The patient (pictured on the left) presents with severe breast asymmetry. A 21-year-old white female, presenting with hypoplastic left breast, good candidate for augmentation mammoplasty procedure using high profile saline implants. The patient underwent augmentation mammoplasty procedure using the dual plane technique through the periareolar approach. She is now eight weeks out of surgery. On the right breast, a 200 cc high profile saline implant was filled to 240 and on the left a 350 cc filled to 380 cc.
The patient is now shown eight weeks out. She has excellent symmetry. There is some redness around the periareolar scar in the Linder Sport Bra. It is noticeable that she has good symmetry. There is equal upper pole fulness and the patient is happy with her results. Breast asymmetry without skin laxity can normally be corrected by different volume saline or silicone implants, although saline implants are slightly easier to use due to the ability to titrate the volumes of the bags.
Three major FDA-approved companies, Allergan, Sientra and Mentor, have now provided us with their three-year rupture rate for both primary augmentation and revision augmentation. Primary augmentation for Mentor, N=551 with 0.5%, revision augmentation, N=146, 7.7% and Sientra breast implant three-year rupture rate, N=1,115 for primary augmentation with 2.5% andN=362 for revision augmentation, 0.0%.
Finally, for Allergan silicone-filled breast implant three-year study, N=455 with 2.7% and for revision augmentation, N=147 rupture rate of 4.0%. It is notable that the highest rate of rupture was found in the Mentor secondary revision augmentation or the breast revision surgical patient. The lowest rate within the kit is by the revision augmentation by Sientra, 0.0%. It is difficult to determine how this could be possible with a 0.0% secondary augmentation when there was a 2.5% rupture rate with a primary augmentation patient after three years with a Sientra implant.
The Allergan implant study shows 4.0% rupture after three years with secondary augmentation or breast revision patients. The lowest rate of primary augmentation rupture was found with the Mentor Corporation, 0.5% versus the 2.5% with Sientra and 2.7% with Allergan. How to interpret this data may be difficult in that comparative analysis may be impossible due to different methodologies for calculating the data.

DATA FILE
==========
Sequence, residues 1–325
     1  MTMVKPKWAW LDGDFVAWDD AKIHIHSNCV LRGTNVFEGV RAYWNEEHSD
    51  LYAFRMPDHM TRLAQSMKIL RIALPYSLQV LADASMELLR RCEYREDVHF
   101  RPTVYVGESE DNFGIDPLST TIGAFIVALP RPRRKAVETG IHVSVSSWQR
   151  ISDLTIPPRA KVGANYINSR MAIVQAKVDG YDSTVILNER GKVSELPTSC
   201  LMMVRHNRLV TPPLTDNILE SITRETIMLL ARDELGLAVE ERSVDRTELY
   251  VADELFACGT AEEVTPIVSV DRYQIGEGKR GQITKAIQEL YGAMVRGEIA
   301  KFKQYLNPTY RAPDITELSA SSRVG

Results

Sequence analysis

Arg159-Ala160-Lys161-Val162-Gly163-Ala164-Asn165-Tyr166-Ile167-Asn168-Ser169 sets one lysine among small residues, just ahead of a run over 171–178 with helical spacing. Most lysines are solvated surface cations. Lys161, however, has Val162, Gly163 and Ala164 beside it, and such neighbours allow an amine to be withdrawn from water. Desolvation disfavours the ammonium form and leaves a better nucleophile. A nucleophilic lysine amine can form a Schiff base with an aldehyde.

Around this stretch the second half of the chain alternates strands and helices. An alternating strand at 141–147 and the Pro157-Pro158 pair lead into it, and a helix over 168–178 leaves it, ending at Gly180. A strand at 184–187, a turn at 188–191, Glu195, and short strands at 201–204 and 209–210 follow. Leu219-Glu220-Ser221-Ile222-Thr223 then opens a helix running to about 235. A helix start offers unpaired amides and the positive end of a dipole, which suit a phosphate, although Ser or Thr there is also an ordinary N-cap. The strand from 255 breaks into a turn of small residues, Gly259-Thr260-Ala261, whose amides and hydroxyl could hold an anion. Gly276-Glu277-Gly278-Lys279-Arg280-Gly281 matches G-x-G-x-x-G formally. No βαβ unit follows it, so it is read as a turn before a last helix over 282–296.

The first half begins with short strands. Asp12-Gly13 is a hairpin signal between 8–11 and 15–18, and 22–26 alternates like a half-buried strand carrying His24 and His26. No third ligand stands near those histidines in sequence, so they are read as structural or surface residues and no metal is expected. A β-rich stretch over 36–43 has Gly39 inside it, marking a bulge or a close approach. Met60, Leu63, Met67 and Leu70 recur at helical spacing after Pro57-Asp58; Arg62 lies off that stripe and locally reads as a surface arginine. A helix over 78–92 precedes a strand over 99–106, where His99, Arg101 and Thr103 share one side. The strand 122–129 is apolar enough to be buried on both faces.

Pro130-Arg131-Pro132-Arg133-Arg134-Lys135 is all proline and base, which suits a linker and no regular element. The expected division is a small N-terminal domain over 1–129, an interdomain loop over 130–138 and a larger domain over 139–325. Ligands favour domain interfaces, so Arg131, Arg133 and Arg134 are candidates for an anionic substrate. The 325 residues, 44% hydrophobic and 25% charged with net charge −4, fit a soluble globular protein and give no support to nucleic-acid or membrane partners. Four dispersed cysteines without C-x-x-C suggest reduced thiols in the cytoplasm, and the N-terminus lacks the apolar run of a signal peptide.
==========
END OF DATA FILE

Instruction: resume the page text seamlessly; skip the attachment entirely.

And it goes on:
Because there is great confusion as to when to replace saline and silicone implants, especially associated with ruptured implants, I have created a new website referred to as www.rupturedimplant.com. Please view this specific site for greater details for removal and replacement of ruptured saline, silicone, Dow Corning, Becker implants, double lumen, polyurethane implants and gummy bears. With respect to saline implants, patients who have a slow leak may have visible rippling from the implant without a complete rupture. When this becomes obvious and there is asymmetry associated with the leakage and visible rippling, I do recommend the implant be replaced. If the implants are greater than five years old, I usually recommend replacing those saline implants at the same time under general anesthesia. For patients who have an obvious complete rupture of the saline implant and the implants are over five years, once again, I recommend bilateral removal and replacement with new saline implants.
For patients who have implants less than five years old, however, there is visible rippling, wrinkling or rupture, I leave it up to the patient as to whether they decide they want to replace the contralateral breast. Reasons for replacing it may include change in volume to the implant with a different implant size or changing the profile of the bag or changing the implants from saline to silicone gel.
For ruptured silicone implants, I recommend any implant over five years old be replaced and contralateral reconstruction at the same time. Once again, implants that are less than five years old may be left in the contralateral breast with only reconstruction of the affected side. Patients who desire volume change or implant profile change should obviously have bilateral removal and replacement of implants. MRIs should be performed on patients with silicone implants every two to three years in order to determine the integrity of the shell’s bag. Positive Linguine’s sign is associated with a ruptured implant. Any implant that is over 10 years old should be replaced. Women who present with implants over 10 years old; however, do not show ruptured silicone or saline and have significant capsular contracture, I believe should have bilateral removal and replacement of their implants. Implant wear and tear with the shell over time may lead to a rupture of the bag.